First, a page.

Preliminary Phytochemical Screening: The Ethanolic extract of Tamarindus indica was screened by different chemical test for the identifying the basic chemical constituents present in the extract. The standard chemical tests for alkaloids, tannins, flavonoids, terpenoids and steroids were performed to get a preliminary idea of the chemical constituents 13, 14.
Animals selection: Healthy albino mice weighing about (20-25gm) of either sex was housed under the uniform laboratory condition fed with commercial diet & provided with H2O & ad-libitum, during the experiment. All protocols of the study was approved by the Institutional Animal Ethical Committee with reference no. BU/Pharm/IAEC/11/021.The IAEC is approved by Committee for the Purpose of Control and Supervision of Experiments on Animals (CPCSEA) with registration no. 716/02/a/CPCSEA.
Acute toxicity studies: Swiss Albino Mice (20-25gm) of either sex (n=10) were used for the toxicity study done in accordance to the guidelines given by OECD 15, 16. This study showed no mortality up to a dose of 25gm/kg. for 24hrs period. Based on this result, the effective dose was fixed at 200mg/kg, 400mg/kg body weight for performing the analgesic study. No adverse effects of the extract were noted during this study.
Drugs and Chemicals: All the chemicals were analytical grade. Diclofenac sodium sample was from Akums Pharmaceuticals Ltd. Haridwar Uttarakhand.
Tail immersion method in mice: The tail immersion method was used to evaluate the central mechanism of analgesic activity. Here the painful reactions in animals were produced by thermal stimulus that is by dipping the tip of the tail in hot water 17.
The animals were divided into four groups of 6 animals each and all groups received doses. The extract at the doses of 200 and 400 mg/kg body weight and vehicle (1% Tween 80 in water) were administered orally to test groups and control group respectively. Diclofenac-Na (25mg/kg i.p.) was used standard drug. According to the procedure, 1 to 2 cm of the tail of mice was immersed in warm water kept constant at 55°C (table 1).
The reaction time was the time taken by the mice to deflect their tails. The first reading was discarded and the reaction time was recorded as a mean of the next four readings. A latency period of 12s was defined as complete analgesia and the measurement was then stopped to avoid injury to mice. The latent period of the tail response was determined at 0, 30, 60, 90 and 120 min after the administration of drugs.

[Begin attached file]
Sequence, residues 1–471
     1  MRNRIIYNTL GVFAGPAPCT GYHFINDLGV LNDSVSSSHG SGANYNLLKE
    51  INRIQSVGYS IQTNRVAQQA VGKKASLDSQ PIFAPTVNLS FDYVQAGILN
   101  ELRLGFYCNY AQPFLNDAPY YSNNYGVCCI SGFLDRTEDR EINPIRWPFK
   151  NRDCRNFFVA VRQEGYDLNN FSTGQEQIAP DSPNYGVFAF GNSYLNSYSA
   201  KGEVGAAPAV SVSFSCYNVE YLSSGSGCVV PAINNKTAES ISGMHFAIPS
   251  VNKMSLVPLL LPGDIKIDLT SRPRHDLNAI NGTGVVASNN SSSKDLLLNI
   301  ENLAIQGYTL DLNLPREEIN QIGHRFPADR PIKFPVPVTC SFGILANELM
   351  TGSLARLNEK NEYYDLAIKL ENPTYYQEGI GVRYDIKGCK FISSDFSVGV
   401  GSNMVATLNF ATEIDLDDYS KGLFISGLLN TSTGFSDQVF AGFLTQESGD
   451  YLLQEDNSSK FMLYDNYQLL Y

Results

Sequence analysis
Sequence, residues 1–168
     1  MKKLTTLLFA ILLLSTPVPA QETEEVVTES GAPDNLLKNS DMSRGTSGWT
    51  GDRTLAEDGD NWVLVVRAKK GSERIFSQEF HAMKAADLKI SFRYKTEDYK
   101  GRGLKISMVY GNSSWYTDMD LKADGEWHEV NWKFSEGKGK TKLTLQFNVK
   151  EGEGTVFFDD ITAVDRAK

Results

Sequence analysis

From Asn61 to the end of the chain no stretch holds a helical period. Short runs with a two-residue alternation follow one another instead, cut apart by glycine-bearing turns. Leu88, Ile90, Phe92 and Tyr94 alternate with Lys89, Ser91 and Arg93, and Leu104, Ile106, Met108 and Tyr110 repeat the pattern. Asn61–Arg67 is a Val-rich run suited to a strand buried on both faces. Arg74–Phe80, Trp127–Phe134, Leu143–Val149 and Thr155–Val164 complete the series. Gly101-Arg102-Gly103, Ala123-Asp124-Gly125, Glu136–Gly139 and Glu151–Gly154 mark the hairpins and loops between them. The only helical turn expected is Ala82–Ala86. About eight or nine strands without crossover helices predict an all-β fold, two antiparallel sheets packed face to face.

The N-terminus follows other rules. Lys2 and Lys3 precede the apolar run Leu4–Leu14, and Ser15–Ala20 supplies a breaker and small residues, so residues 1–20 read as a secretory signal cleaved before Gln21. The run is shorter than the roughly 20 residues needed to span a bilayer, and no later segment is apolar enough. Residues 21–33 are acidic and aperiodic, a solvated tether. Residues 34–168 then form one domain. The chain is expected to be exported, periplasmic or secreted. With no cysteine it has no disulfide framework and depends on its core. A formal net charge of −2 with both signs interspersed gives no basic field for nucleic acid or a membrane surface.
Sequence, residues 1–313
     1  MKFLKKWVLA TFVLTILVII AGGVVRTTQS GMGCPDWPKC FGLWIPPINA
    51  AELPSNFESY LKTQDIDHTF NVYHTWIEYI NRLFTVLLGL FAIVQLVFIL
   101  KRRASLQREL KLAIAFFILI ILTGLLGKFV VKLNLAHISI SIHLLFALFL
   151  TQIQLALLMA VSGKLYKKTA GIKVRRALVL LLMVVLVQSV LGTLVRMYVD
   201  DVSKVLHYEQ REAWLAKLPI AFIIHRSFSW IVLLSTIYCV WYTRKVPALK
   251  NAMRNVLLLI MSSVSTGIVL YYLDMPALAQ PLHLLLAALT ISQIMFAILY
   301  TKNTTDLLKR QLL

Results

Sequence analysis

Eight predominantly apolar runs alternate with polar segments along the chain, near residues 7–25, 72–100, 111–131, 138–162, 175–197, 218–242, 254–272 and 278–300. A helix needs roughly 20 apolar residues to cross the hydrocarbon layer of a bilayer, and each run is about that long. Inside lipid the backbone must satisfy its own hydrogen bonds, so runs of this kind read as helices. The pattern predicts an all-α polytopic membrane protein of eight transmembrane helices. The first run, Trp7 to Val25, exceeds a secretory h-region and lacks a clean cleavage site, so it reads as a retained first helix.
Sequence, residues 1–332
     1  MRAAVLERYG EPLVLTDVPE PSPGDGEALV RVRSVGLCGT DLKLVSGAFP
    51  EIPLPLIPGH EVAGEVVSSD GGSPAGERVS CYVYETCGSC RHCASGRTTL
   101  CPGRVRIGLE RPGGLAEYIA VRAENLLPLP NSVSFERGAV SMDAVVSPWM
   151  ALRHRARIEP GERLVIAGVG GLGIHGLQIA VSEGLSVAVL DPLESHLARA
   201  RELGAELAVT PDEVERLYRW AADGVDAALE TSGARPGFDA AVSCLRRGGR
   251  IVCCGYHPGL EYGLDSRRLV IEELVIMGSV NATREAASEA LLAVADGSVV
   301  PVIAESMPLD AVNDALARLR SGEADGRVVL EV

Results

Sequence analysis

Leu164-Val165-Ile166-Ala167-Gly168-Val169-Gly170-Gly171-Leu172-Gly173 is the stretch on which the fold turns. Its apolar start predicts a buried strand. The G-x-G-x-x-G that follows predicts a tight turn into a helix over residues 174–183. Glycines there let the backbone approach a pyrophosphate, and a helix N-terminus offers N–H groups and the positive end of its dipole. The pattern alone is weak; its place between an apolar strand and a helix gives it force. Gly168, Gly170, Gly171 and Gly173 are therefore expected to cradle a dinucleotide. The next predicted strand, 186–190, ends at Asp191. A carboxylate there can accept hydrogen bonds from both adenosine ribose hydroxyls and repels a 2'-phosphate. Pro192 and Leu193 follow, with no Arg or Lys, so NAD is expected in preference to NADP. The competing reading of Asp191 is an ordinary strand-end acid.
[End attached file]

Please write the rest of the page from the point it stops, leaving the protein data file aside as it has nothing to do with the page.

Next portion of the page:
TABLE 1: EFFECTS OF THE ETHANOLIC EXTRACT OF T. INDICA LEAVES ON MICE IN TAIL IMMERSION TEST
|Groups||Dose (mg/kg)||Mean reaction time (s) before and after drug administration
(% of tail flick elongation)
|0 min||30 min||60 min||90 min||120 min|
|Standard||25(mg/kg)||2.52±0.29||5.32±0.235** (69.98%)||7.37±0.07** (80.10%)||8.7±0.17** (84.88%)||8.6±0.15**|
|200(mg/kg)||2.34±0.17||4.47±0.25** (64.20%)||6.73±0.164** (78.16%)||7.60±0.245** (82.50)||7.53±0.17**|
|400(mg/kg)||2.45±0.02||5.60±0.195** (71.43%)||8.05±0.57** (81.76%)||10.60±0.43** (87.45%)||10.58±0.42**|
n= 6, Valus are expressed as Mean±SEM P< 0.05 when compared with control group. Statistical Analysis - The mean value ± SEM was calculated for each parameter. The results were analyzed statistically by ANOVA is followed by Dunnet‟s test. The minimum level of significant was fixed at p < 0.01. The results of experiments by proper statistical analysis are tabulated in table 1.
GRAPH 1: GRAPHICAL REPRESENTATION
RESULTS AND DISCUSSION: In tail immersion method, the crude extract produced elongation of time 30 minutes after oral dose of 200 and 400 mg/kg body weight respectively. 400 mg dose of Ethanolic extract of Tamarindus indica show analgesic activity comparable to 25mg Standard drug (Diclofenac sodium). 400mg Ethanolic extract of Tamarindus indica shows better result in comparable to standard drug. The activity showed by this extract is of considerable importance and justified its use in pain as suggested in the folklore medicines.
By employing one way ANOVA, all data were found to statistical significant at 5 % level of significance (p<0.05). Analgesic effect against thermal noxious stimuli may be elicited through opoid receptors or through modulation of several neurotransmitters involved in relevant phenomena. Plant extract showed better activity which justifies its activity. This can be clearly analysed by the graphical representation given in graph 1. It could be concluded that the plant T. indica is having analgesic activity and better result are obtaining from extract of ethanol.
This further study needed to identify the chemical constituents present in extract of this herb that may elicit analgesic activity.
ACKNOWLEDGEMENT: Authors wish to thanks institute of Pharmacy bundelkhand university authority good cooperation during carrying out this research work and also thanks to teaching staff for giving valuable information about the plant.
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How to cite this article:
Goyal B, Shashi Alok, Jain SK, and Verma A: Evaluation of Analgesic activity of Ethanolic extract of Tamarindus indica leaves. on experimental Animal model. Int J Pharm Sci Res 2013; 4(5); 1994-1997. doi:10.13040/IJPSR.0975-8232.4(5).1994-1997
Beena Goyal*, Shashi Alok , Sanjay Kumar Jain, and Amita Verma
Department of Pharmacognosy, Institute of Pharmacy, Bundelkhand University, Jhansi, Uttar Pradesh, India
03 December, 2012
23 March, 2013
16 April, 2013
01 May, 2013